Tuesday, March 15, 2011

The screwdriver story continues

Before I begin, please note that if you have questions on another project you would like to see the answers to - just put them in the comments at the bottom of the post. I read them all.

Click on the pictures to see a bigger version.

My friend Fred handed me this screwdriver in a baggie.

He told me it was the only physical item remaining to him of his father and asked me if I could put it back together.
No problem, I said. All the parts are still here, (mostly) and all I need is a bit of glue.

OK, I lied. I needed a bit of two types of glue. One type is hide glue, which I used to glue the handle back together, and the other was epoxy glue with an addition of generous amounts of sandpaper dust to make a filler for the bits that were missing from the handle.

I also used a grinder, a bronze wire wheel, a file, and a hammer. Plus a 200 pound workbench to hold the work and a couple of used bicycle tires and a couple of clamps.

First there was a bit of wood that had been crushed by the last hammer blow that had split the handle that needed to be pared away: You can see the little finishing nail that was inserted through the ferrule at some time in the past. Probably to keep the thing together because the tang and ferrule had parted with the handle, and probably before the invention of epoxy glues. I discarded the nail after removing it. It was unnecessary for the rebuilding, and in the way for reassembly.

Then the glue ceremony for the handle where it is wrapped with the old bicycle tires to make a snug fit.

I let it sit in the clamps overnight, having slaved all of fifteen minutes so far on the project. The next day I used the wire wheel to remove a bit of surface rust and clean up the metal so it would accept the glue to its surface with no old grease or stuff to impare the bond. A trial fit to be sure things will go together.

Followed by stirring up a mix of five minute epoxy (because I had some on hand and did not have the slightly stronger one hour stuff.)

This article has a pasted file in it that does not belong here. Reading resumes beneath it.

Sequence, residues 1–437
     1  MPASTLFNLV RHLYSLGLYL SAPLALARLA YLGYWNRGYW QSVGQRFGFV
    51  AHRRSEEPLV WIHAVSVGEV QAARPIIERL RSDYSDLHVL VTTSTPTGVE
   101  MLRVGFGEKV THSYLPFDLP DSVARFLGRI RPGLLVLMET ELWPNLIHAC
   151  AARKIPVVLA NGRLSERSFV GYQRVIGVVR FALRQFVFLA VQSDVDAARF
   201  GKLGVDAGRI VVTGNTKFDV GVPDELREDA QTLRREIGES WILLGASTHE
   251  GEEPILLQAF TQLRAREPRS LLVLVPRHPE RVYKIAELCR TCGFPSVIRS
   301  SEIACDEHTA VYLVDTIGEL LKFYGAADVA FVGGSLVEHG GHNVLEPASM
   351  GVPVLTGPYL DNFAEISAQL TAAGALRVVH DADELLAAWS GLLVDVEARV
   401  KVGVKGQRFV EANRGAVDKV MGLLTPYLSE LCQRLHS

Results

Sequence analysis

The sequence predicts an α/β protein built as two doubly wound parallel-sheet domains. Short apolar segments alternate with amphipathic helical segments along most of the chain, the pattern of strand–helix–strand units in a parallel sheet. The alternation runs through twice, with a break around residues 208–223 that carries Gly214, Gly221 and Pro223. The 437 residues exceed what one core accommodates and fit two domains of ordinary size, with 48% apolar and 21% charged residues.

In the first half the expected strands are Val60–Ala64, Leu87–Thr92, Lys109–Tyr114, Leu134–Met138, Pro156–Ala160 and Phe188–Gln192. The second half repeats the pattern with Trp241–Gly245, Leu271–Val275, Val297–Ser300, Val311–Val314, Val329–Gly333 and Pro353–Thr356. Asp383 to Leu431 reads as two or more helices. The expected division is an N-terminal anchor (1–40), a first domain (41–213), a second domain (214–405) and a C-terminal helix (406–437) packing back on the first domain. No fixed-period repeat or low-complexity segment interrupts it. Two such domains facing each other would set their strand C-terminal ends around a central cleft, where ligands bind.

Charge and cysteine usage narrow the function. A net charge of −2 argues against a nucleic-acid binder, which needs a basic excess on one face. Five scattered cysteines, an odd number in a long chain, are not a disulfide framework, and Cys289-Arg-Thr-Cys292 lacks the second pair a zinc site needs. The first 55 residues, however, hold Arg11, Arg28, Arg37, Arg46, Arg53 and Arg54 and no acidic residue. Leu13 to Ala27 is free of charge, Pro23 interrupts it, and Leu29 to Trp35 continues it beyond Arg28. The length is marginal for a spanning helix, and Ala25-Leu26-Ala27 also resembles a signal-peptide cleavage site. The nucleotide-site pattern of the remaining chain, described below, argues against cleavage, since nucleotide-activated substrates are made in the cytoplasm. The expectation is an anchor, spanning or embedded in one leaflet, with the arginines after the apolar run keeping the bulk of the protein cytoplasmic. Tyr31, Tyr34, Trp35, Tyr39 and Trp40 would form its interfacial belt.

The proper way to mix the epoxy is on a clean surface and with a little stick. I use coffee stir sticks from Second Cup.  I drink my coffee black but feel entitled to one stick per cup and prefer their coffee to Starbucks.

Stir the epoxy together for a whole minute to be sure the mix is thoroughly blended. The chemistry that makes the glue into one homogeneous mass needs to get the molecules of each part of the glue into intimate contact, and there is no magic involved. Just old fashioned stirring. After the glue is a single mess, I added a similar volume of sandpaper dust I collect from my disk sander dust bag. Stir another minute.

I do not trust to chance when applying glue to surfaces to be assembled. I actually spread it all over the surfaces to be glued before applying pressure, or assembling. So, using the stir stick I first spread a thin layer all over the metal, then ladled the hole with much of the remainder before shoving the tang of the screwdriver into the hole.

Glue oozed out when the metal tang went in, and then I buttered the cracks in the wooden part with more of my epoxy filler before hammering the ferrule down over the joint. The ferrule is that metal cap that is supposed to prevent the handle from splitting under stress when force is applied to the handle.

Glue oozed from every pore and even out the nail hole which was not an original feature.

After waiting a few hours to be sure about the hardening process, and polishing the excess hardened glue away, this is what the screwdriver now looks like. Ready for another century of rotating heads with slots.

No comments:

Post a Comment